By ‘COVID-19 CLC’ guidelines, I assume you are referring to the CLC ‘Site Operating Procedures’ document, with version 3 issued on 14 April.
From your reference to CDM Regulations 2015, I am assuming that the Contractor has been appointed as Principal Contractor, so is required under s13 (4) © to provide welfare facilities in accordance with Schedule 2. These facilities are not prescriptive, being described as ‘suitable and sufficient’, presumably so as not to place any limitation or restriction on what is to be provided, which should be based on an assessment of particular risks and circumstances.
Although the ‘Site Operating Procedures’ offer sensible guidance on the practical issues involved with following Public Health England’s guidance, one of the issues is that the requirement for social distancing, that is to maintain 2m between persons, is instructed as guidance in England, unlike in Wales where the requirement was introduced under amended Regulations on 03 April 2020. There are restrictions on movement and gatherings, although this is not the same and there has been some confusion on police powers and what they are actually required to enforce.
Although not mandatory in England, however, a key obligation under CDM Regulations 2015 is that the Principal Contractor is obliged to ensure that a construction site must be, so far as is reasonably practicable, made and kept safe for, and without risks to, the health of a person at work there’ (Part 4 s17 (2)). This requirement must extend to accounting for any matter which could affect the health of persons working on Site, including the risk of being infected from a virus. Consequently the measures detailed in the ‘Site Operating Procedures’ guidance seem sensible in complying with this requirement.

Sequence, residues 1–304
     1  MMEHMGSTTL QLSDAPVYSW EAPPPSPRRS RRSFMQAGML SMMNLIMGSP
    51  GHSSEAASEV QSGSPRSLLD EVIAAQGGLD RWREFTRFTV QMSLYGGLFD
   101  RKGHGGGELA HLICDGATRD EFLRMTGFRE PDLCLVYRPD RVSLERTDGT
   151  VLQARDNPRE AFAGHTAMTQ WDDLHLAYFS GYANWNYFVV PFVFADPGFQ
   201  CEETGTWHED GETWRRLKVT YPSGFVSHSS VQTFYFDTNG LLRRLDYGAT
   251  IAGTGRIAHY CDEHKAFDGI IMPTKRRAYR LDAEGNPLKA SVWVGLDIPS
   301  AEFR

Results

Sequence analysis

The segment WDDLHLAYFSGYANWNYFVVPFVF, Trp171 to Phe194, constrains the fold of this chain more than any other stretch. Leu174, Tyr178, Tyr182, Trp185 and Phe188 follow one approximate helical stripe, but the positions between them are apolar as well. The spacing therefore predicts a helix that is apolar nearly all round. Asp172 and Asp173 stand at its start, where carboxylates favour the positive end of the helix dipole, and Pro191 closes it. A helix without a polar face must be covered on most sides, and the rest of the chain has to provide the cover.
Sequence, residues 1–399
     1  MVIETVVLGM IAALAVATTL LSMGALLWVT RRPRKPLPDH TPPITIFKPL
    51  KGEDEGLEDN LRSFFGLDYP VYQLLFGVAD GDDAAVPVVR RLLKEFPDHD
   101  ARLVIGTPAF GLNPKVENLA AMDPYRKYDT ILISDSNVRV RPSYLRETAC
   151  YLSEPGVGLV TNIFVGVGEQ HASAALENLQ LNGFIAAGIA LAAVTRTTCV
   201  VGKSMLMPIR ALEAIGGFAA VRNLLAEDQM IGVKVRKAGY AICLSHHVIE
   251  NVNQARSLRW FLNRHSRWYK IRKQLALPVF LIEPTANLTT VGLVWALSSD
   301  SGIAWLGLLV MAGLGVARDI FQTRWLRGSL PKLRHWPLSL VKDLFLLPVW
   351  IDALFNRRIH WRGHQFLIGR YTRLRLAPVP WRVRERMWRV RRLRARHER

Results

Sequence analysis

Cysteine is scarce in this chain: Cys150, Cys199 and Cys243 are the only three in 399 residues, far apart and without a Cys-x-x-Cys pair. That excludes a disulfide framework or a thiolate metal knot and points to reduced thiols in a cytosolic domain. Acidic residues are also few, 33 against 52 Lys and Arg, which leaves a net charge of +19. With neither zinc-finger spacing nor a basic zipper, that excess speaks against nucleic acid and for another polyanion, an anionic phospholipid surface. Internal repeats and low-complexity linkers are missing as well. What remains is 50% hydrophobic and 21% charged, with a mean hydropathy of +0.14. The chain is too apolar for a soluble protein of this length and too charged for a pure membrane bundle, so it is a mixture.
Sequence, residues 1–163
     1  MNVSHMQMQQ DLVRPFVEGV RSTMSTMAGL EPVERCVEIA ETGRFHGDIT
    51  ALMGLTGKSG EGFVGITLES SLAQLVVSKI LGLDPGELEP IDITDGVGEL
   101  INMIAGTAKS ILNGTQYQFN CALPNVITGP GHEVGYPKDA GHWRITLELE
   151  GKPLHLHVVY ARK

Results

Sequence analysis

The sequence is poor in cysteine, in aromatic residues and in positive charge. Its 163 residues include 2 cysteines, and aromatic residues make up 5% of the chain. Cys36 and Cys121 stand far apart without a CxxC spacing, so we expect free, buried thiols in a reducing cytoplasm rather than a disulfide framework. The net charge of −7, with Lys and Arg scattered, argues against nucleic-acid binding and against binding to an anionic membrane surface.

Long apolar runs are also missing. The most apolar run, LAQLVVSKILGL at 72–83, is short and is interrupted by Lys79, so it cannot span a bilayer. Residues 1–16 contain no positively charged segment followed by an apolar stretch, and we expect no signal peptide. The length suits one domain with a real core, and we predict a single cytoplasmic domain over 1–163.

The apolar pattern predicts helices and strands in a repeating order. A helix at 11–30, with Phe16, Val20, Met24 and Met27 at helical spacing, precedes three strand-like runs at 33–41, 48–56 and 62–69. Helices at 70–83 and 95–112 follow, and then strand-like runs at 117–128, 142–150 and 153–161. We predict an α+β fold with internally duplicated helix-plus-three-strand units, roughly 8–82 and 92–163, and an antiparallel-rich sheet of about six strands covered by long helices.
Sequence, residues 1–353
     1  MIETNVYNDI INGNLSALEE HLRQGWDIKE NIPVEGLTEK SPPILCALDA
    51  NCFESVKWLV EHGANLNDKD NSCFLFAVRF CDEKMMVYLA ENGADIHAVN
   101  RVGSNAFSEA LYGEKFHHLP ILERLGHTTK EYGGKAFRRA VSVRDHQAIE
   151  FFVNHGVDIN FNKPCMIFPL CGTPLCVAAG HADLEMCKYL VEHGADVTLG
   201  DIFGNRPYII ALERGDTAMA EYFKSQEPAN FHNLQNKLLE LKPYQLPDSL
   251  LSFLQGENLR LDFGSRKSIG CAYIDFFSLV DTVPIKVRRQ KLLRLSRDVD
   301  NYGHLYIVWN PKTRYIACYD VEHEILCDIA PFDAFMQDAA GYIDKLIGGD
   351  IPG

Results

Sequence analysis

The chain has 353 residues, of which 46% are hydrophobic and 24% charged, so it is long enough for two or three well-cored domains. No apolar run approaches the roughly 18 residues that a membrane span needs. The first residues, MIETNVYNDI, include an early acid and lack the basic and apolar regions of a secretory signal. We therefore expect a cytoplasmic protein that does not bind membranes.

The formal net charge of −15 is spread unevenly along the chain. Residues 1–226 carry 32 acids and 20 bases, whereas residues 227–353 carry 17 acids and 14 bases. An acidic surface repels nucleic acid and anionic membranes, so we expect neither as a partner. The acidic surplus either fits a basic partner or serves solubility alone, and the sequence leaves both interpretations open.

Applying the contract, if the Works Information is prescriptive in the requirement for Welfare facilities, then any such revisions would change this, but whether this would be a Contractor proposal or a PM’s instruction would depend upon how the ‘Site Operating Procedures’ are adopted, including any instruction given by the PM under clause 19.1. Essentially who is responsible for making the change and whether it is a contractual or a health and safety issue.
It may be that, under the circumstances, the contract has been varied, such as a Deed of Variation, possibly in line with the model form issued by the Cabinet Office as part of the revised Guidance Notes associated with Procurement Policy Note 02/20, dated 06 April 2020.
Whatever the situation I would hope both parties have engaged in dialogue to address the matter sensibly, although I appreciate that is not always the case.